2.2 Scarcity: Life and Economics are about Choices

All of these examples are about making or explaining the choices individuals, organizations, and societies make. Life is about choices. Even doing nothing is a choice! Choices would not be a problem if our time, innate abilities and all the things we wanted to consume were unlimited. But limited resources mean individuals and societies must make choices and every choice made involves a sacrifice—forgoing the alternative that might have been. As economists often put it: “There is no such thing as a free lunch.” Even if your friend invites you to lunch and is picking up the cheque, you could have played squash, studied, spent time with your parents or done something else with your time.

Economics is the systematic study of the logic of choice and human action under conditions of scarcity. Its concern is with how economic activity—the production, consumption, and trade of goods and services—is organized when resources (labour, land, capital and even such things as clean air and water) are scarce. It seeks to develop an understanding of how individuals and societies structure economic activity, and the relative effectiveness of different institutions in relaxing, or mitigating, scarcity constraints.

Scarcity means that it is not possible to satisfy all demands or wants. If there was no scarcity there would be no economic problem, or the discipline of economics! Scarcity is pervasive because it arises when there are competing uses for resources and all cannot be satisfied. Scarcity arises because the goods and services we consume wear out and we have finite life times. Just imagine how different the world would be if everyone lived forever and nothing ever wore out! In such a world there might not be an economic problem, no need for choices, and no sacrifices.

This, alas, is not the world we live in.

In our world individuals make choices and their choices lead to action. We cannot do everything and our choices preclude other options: becoming a lawyer likely means that you cannot become a tennis star; investing in computer stocks means you have less to invest in oil and gas companies; spending your last hundred dollars on tickets to the Rolling Stones may preclude catching the Calgary Philharmonic Orchestra; watching David Letterman or the Tonight Show means less time to study or sleep. The problem of choice doesn’t exist only for individuals but for society as a whole. Economists try to understand these choice problems and are particularly interested in the social institutions which determine how society's scarce resources are used, or in the words of an economist, allocated.

2.3 The Big Three Questions: The Scope of Economics

The three big questions at the heart of economics are:

  • What gets produced? How are our productive resources allocated between the production of submarines and helicopters (more generally guns) and the production of healthcare, food, and housing (more generally butter)? Between private goods (compact discs, automobiles, and clothing ) and public goods (education, parks, roads, and a clean environment)?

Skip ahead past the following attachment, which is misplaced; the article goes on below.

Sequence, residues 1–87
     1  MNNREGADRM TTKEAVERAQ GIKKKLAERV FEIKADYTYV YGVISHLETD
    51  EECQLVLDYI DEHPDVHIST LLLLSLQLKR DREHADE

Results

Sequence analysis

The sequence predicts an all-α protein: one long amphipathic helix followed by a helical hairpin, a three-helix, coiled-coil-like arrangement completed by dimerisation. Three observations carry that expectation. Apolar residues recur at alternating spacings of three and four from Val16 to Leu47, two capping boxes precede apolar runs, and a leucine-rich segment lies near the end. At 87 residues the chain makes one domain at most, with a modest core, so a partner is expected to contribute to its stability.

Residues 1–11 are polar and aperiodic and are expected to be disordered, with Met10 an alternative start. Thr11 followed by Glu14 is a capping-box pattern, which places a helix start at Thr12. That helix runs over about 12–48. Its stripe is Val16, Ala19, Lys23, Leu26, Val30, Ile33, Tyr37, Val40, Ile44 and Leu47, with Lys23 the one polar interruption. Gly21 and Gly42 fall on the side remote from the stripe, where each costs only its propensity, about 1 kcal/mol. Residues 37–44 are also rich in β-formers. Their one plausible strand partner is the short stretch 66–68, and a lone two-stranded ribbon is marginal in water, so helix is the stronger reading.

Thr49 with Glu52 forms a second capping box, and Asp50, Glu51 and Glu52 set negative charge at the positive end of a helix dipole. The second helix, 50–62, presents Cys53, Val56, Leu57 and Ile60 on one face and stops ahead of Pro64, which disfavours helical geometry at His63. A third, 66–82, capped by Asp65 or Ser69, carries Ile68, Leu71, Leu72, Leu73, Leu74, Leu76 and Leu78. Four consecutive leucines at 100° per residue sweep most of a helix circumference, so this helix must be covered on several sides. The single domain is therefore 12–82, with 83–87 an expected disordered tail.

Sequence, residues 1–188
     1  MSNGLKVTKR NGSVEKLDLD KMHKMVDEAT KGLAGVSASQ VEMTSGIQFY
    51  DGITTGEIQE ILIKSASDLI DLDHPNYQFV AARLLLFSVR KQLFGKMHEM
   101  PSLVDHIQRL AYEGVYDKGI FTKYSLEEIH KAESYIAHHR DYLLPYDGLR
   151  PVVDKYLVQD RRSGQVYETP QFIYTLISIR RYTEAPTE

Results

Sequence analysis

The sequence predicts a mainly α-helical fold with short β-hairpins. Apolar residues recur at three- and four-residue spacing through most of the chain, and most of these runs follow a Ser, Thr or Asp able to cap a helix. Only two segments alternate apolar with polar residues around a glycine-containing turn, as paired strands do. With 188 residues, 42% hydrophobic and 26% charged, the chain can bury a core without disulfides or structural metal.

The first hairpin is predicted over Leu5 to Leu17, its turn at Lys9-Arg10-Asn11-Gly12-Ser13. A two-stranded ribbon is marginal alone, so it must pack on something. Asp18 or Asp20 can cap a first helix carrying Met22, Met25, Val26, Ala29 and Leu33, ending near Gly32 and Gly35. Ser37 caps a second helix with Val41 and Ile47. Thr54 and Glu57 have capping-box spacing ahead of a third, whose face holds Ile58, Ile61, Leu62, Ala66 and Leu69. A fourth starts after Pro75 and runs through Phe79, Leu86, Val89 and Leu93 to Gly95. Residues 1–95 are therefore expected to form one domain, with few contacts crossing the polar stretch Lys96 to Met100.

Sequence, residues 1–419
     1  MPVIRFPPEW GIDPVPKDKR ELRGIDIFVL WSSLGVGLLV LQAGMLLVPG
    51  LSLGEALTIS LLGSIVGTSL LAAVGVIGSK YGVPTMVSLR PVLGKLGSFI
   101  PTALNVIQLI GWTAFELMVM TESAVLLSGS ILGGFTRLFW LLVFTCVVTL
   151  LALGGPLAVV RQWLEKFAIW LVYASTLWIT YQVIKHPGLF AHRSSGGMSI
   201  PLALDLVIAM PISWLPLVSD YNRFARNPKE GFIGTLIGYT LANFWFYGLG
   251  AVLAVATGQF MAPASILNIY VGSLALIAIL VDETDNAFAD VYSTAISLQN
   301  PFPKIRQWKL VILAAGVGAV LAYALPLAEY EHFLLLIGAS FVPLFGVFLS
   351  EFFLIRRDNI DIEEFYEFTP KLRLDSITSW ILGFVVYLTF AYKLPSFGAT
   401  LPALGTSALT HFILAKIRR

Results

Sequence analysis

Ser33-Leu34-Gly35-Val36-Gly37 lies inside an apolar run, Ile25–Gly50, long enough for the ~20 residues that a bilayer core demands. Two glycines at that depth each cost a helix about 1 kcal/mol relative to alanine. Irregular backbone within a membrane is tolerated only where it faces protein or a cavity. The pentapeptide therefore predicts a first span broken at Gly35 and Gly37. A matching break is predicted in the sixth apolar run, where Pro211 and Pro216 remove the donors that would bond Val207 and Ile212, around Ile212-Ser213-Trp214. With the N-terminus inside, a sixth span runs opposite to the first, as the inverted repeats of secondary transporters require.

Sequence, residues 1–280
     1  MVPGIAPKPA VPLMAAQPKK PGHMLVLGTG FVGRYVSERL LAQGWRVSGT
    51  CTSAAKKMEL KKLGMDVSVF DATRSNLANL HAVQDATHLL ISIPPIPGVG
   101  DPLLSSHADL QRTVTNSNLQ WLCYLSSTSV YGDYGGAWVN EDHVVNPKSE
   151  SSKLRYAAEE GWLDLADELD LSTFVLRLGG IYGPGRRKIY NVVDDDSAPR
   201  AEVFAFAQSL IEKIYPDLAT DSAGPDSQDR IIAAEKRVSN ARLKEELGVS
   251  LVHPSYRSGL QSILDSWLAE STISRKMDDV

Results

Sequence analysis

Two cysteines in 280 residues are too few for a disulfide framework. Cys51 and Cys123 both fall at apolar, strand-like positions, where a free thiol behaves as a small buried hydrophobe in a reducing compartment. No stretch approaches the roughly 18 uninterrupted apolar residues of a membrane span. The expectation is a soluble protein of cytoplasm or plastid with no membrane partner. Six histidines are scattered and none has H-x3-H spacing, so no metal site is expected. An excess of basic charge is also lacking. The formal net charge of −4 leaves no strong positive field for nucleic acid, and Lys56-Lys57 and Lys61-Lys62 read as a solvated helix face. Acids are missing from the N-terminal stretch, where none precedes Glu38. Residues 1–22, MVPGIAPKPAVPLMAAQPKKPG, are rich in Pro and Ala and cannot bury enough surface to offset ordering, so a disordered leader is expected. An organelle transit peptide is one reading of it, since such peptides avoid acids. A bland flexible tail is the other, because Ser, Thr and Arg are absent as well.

• How does it get produced? In building roads, what determines whether workers with shovels and picks or earthmoving equipment is used? Computers and the internet or typewriters and books to produce term papers? Skilled craftsman and hand tools or robots on an automated assembly line in the production of cars? Is steel, plastic, aluminum, fiberglass, or some combination used for autobodies? Private clinics or regional health authorities to provide surgical procedures requiring overnight recuperation and observation?
  • Who gets what is produced? What determines the quantity and quality of the goods and services each of us consumes? A rental apartment, an estate house in Church Ranches, or a cot in a shelter? Should income alone determine what an individual consumes? Why do rock stars, athletes, and chief executive officers earn 500 times or more than a university professor or a welder? What is the role of governments in providing goods and services to individuals or augmenting incomes? A particularly important trade-off is between efficiency—getting the most from society's productive resources—and equity—a fair distribution of the goods and services individuals consume.

Economics is about how society manages its scarce resources, and what the implications are of using different social institutions—for example relying on the market to produce food or having the government provide each of us with a daily ration. The primary focus of economics is understanding the strengths and limitations of markets relative to alternative institutions.

In doing so economics provides an understanding of the effects of government policies and a foundation for determining the appropriate role for government. In other words, Economics examines when government decisions will improve our situation, and when they will not.

2.4 Economics is a Theoretical Science